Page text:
Based on some recent feedback, I’m tempted to pose a question to the cyberverse:
- What differences do you see, if any, between SETI (the Search for Extraterrestrial Intelligence), Astrobiology (study of locations and potential biochemistry of extraterrestrial life), and UFOlogy (study of UFOs)?
I ask this as a general point of discussion because some have expressed concern that working toward a preconceived methodology for xenoarchaeology, like I’ve been working on, will confuse Astrobiology, SETI, and the more pseudoscientific UFOlogy in the public mind.
So, what do you think? Just how different is your perception of SETI, Astrobiology, and UFOlogy? How legitimate a scientific pursuit are each? How illegitimate?
Clearly, all three concepts are related. Without Astrobiology, SETI and UFOlogy cannot logically exist. UFOlogy implies “ETI,” but it makes some pretty incredible assumptions that in my mind remove it from the realm of hard science, or even speculative science, for that matter.
So, have at it. Comments welcome.
9 thoughts on “Differences between SETI, Astrobiology, UFOlogy”
I think that in the conceptual space of UFOlogy, there’s a possible arena of legitimately scientific study of “unidentified flying objects” (in which the researcher remains agnostic about the origin of such).
I’m not sure that any UFOlogists are working in that narrow field however.
Steve – I agree. The problem with UFOlogy as a “field” as I see it is that those who engage in it have already accepted the existence of “alien visitations” to Earth as an a priori assumption. The rest, it seems, is seeking to validate that assumption. Else, why would UFOlogy not be pursued under the auspices of meteorology (as an unidentified atmospheric phenomenon) or aerospace engineering research (as unidentified human air/spacecraft)? -It seems to me that only after pursuing and eliminating these more reasonable approaches should less likely hypotheses (alien visitors) be seriously pursued.
I agree with your opinion too, I believe that UFOlogy is a redundant term, already encumbered with prejudice. Of course, I think that SETI and astrobiology are more related, but still astrobiology focuses on the more general topic, origin of life included.
off-topic: a great blog! I will keep an eye 🙂
Thanks for the feedback and your kind sentiments, Boyan! Your thoughts are much appreciated, and I hope to keep engaging posts coming as I attempt to claw my way off this rock… =)
Steve and astrowright are wrong. Leslie Kean, a prominent Ufologist (who gets on any TV show she wants that concerns itself with UFO’s) is agnostic. Moreover, the lifelong prominent Ufologist, Don Berliner is also agnostic on UFO’s. I (personally) regard myself as someone who discusses and debates the subject matter and I lean towards a paradigm shift in secret… albeit a human one. Britain’s most famous Ufologist, Nick Pope, is agnostic.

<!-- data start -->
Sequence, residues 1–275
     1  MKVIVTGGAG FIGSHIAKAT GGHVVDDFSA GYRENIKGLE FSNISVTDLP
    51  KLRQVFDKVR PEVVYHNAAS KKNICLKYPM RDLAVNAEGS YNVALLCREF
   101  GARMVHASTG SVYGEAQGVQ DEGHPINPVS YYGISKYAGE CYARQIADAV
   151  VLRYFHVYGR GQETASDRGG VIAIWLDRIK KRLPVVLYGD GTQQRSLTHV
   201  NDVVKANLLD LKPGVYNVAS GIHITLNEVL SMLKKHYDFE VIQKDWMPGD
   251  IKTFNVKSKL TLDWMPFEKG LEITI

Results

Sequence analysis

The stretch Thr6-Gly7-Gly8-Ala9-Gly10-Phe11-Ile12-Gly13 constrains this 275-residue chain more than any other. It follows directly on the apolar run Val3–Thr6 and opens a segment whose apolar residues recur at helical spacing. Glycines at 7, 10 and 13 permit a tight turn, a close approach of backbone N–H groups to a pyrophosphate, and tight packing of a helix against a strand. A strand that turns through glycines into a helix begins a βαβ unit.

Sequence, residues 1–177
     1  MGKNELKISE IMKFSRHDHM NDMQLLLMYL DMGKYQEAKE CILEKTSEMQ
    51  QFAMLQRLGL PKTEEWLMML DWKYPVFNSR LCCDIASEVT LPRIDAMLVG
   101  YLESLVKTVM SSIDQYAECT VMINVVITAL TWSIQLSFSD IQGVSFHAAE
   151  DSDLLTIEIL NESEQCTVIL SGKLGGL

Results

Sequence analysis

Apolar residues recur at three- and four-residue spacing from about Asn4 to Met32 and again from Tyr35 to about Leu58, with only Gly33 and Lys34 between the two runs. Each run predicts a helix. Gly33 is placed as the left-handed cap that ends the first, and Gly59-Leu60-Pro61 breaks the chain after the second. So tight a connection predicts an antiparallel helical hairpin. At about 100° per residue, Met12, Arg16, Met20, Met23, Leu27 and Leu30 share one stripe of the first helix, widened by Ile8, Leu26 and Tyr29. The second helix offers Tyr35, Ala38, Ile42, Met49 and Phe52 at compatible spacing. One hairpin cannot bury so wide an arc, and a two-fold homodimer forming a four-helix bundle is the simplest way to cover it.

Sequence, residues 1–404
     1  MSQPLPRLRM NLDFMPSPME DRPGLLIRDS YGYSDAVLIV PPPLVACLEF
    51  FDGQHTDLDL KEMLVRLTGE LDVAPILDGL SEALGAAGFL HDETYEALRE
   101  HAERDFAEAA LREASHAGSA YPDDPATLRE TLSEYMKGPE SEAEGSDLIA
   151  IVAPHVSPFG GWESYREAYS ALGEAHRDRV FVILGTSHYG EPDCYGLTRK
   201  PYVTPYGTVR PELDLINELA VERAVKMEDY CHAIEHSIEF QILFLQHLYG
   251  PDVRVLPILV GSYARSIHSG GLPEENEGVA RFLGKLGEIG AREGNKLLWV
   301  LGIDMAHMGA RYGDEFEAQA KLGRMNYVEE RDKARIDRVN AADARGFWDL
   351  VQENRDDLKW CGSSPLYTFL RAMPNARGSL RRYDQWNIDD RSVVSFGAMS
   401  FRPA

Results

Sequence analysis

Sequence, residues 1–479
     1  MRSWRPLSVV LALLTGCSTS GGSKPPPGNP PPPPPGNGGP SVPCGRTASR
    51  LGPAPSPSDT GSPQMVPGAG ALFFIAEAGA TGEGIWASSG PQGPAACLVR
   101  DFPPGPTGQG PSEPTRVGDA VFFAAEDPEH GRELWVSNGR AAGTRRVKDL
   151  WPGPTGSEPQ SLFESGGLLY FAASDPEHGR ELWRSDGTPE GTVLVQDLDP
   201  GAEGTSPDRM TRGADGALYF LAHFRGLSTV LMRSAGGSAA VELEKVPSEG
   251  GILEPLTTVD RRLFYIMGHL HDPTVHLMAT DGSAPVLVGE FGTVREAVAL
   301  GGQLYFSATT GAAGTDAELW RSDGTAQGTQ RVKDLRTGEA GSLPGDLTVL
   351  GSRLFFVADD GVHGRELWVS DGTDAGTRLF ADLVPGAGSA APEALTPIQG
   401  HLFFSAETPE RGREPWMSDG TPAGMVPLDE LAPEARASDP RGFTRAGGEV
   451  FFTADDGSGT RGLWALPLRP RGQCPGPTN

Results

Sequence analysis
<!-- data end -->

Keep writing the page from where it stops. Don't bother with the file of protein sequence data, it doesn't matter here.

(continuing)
In my personal experience with some of those you mention, (I’ve not met them all), the agnosticism is more lip-service than true agnosticism. I consider myself truly agnostic — believing that deep time allows for the possibility that advanced extraterrestrial life exists and would have had opportunity to travel here… But I’ve seen no evidence to support that view (unexplained lights and human accounts are nowhere near enough). Many who claim to be agnostic tend to reveal themselves with shallow logic on the issue, e.g., “The lights must be caused by something, and if our craft can’t make those maneuvers, then they’ve got to be someone else’s” = aliens. The Zond satellite re-entry demonstrated that only 25% of eyewitness accounts are faithful, while the 25% on the other side of the bell curve are completely out-to-lunch. So, if you toss out eyewitness accounts and start to ask hard questions, “Do RADAR-based UFO ‘hits’ happen with equal or less frequency than the standard RADAR error rate,” the UFO ‘story’ starts to dissolve. Based on the data, the truly inquisitive agnostic would lean much farther away from the existence of UFOs as a sign of intelligent life than toward.
Furthermore, UAP is a scientific group of Ufologists (under a different name) that are all agnostic. So this quote of astrowright is unfair… “Else, why would UFOlogy not be pursued under the auspices of meteorology (as an unidentified atmospheric phenomenon) or aerospace engineering research (as unidentified human air/spacecraft)?” Personally, I think that the UAP wing are slanted away from the ETH as opposed to biased towards it.
This is a fair point (UAP slant), but even so, I maintain my point about the intrinsic bias of UAP requiring its own field of study. If ball lightning, etc., are still on the table, then more legitimacy would be earned by studying within existing scientific channels (e.g., meteorology).